Q&A on the Employment Equity Amendment Bill

This document highlights key amendments to the Employment Equity Act 55 of 1998 (EEA) in terms of the Employment Equity Amendment Bill. Subject to any last minute constitutional concerns, the signing of the bill by the President is imminent.

19 Sep 2022 7 min read Employment Law Alert Article

At a glance

  • The Employment Equity Act 55 of 1998 (EEA) is being amended to promote equality and fair treatment in the workplace.
  • The amendments will reduce the administrative burden on smaller employers by changing the definition of "designated employer" to exclude those with fewer than 50 employees.
  • Sectoral numerical targets will be introduced to ensure equitable representation of historically disadvantaged groups, and non-compliance may affect eligibility for state contracts.

What is the Employment Equity Act and what is its purpose?

South Africa’s history of structural and political exclusion on the basis of race and its negative consequences are well known. Four years into the new constitutional dispensation, the Employment Equity Act 55, 1998 (EEA) was passed. The primary purpose of the EEA is to promote the right to equality, to ensure that all employees receive equal opportunities and that employees are treated fairly by their employers. A core focus of the EEA is the implementation of employment equity and affirmative action to redress the effects of historical discrimination.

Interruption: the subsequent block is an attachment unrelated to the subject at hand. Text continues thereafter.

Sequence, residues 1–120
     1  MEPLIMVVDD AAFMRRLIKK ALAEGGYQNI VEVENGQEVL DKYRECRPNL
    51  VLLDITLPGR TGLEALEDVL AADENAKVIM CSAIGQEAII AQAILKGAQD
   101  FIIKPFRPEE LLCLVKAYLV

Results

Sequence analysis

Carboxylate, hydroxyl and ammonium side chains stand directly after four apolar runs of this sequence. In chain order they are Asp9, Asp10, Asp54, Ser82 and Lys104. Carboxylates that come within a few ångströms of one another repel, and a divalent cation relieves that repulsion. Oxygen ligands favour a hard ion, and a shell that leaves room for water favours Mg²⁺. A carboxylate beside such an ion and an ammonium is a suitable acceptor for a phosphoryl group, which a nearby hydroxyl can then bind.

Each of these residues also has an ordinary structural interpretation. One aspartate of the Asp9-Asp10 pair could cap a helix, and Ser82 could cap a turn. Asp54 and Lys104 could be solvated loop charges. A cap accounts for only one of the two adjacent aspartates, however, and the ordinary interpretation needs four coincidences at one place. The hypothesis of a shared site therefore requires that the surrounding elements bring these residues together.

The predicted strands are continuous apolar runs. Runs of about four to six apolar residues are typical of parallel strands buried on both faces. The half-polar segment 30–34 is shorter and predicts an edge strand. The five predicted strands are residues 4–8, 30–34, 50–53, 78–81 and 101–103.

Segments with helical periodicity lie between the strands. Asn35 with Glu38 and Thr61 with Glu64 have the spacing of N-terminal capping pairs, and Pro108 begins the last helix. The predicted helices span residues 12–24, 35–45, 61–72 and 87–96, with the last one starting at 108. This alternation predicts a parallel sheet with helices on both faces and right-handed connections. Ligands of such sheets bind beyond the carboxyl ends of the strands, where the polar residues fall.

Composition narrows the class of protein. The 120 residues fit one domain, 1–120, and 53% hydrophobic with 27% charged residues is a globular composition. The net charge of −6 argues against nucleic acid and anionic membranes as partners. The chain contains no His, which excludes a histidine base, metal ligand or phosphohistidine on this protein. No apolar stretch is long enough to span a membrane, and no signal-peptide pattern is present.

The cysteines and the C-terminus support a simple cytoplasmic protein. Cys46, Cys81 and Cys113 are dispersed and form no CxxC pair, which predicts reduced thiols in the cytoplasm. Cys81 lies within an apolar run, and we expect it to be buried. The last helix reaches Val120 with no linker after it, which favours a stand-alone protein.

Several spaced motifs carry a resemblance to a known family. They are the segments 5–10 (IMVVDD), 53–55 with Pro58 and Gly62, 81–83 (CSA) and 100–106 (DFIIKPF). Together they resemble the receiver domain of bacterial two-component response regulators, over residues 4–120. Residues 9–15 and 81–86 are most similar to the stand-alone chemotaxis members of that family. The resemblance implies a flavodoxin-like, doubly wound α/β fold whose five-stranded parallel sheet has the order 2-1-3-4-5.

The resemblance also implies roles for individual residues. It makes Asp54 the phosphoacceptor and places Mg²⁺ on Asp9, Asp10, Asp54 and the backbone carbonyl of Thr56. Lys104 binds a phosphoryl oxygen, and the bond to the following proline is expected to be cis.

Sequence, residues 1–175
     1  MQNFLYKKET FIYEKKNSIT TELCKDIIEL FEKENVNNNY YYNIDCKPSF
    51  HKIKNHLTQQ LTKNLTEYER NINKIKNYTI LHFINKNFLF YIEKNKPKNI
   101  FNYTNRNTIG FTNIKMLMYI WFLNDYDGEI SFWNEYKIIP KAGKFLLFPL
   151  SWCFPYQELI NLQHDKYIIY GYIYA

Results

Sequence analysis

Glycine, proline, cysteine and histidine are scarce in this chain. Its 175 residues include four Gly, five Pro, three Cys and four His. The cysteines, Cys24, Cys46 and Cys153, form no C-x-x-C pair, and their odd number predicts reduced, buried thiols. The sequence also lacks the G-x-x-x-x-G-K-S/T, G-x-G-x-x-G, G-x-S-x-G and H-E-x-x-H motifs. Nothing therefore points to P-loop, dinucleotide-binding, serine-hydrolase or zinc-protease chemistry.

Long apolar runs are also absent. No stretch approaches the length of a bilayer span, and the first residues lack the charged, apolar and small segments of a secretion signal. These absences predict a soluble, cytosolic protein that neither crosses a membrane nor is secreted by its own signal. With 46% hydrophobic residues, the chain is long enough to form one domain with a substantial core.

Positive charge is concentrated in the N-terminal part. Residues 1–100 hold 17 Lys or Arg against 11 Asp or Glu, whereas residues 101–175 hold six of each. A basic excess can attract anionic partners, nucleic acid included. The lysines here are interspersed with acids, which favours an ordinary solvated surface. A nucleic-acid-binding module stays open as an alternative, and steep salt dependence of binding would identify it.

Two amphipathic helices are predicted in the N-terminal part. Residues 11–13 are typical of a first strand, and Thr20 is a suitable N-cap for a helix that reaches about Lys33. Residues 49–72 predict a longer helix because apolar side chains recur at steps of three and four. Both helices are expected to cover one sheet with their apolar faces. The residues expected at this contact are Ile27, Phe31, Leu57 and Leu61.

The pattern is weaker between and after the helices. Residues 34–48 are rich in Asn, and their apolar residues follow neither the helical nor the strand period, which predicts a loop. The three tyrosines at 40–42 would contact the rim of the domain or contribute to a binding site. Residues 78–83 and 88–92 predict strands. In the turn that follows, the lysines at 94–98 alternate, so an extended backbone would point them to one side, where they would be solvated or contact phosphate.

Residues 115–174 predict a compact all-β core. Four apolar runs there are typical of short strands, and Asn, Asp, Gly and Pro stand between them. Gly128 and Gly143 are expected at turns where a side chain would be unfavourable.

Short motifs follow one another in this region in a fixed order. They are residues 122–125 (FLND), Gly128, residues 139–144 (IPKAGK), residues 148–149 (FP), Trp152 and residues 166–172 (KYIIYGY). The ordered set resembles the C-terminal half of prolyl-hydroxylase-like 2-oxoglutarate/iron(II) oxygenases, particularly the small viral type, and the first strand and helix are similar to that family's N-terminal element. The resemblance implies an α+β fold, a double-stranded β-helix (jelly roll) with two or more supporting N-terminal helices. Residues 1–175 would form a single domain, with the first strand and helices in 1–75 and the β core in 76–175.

The EEA applies to all employees and employers who operate in South Africa, except the South African National Defence Force, National Intelligence Agency and South African Secret Services. 

While the EEA applies to all employers (excluding those listed above), sections of the EEA, particularly, sections 12 – 27 only apply to designated employers. The amendments to the EEA will bring about a change to the definition of “designated employer” to restrict the application  of these sections to a reduced group of employers and relieve some of the administrative burden on smaller employers.

The EEA prohibits discrimination against an employee, directly or indirectly, in any employment policy or practice on the grounds of:

  • race;
  • gender;
  • pregnancy;
  • marital status;
  • family responsibility;
  • ethnic or social origin;
  • colour;
  • sexual orientation;
  • age;
  • disability;
  • religion;
  • HIV status;
  • conscience;
  • belief;
  • political opinion;
  • culture;
  • language; and
  • birth.

How will smaller employers be affected by the amendments?

Smaller employers will be positively affected by a change in the definition of “designated employer”. The definition will be amended to exclude employers who employ fewer than 50 employees, irrespective of their annual turnover.

What is the effect of the amendment to the definition of designated employer?

As a result of the amendment, smaller employers will not be required to comply with the obligations of a designated employer relating to affirmative action, including the development and implementation of employment equity plans and reporting to and submission of employment equity reports to the Department of Employment and Labour. This will significantly relieve the administrative burden on these employers.

As a result of the amendment, will smaller employers be deprived of the ability to secure a certificate of compliance?

No. While smaller employers will not be required to develop and submit employment equity reports, they will nevertheless be entitled to obtain a certificate of compliance under section 53 of the EEA.

Will there be any changes in relation to and for people with disabilities?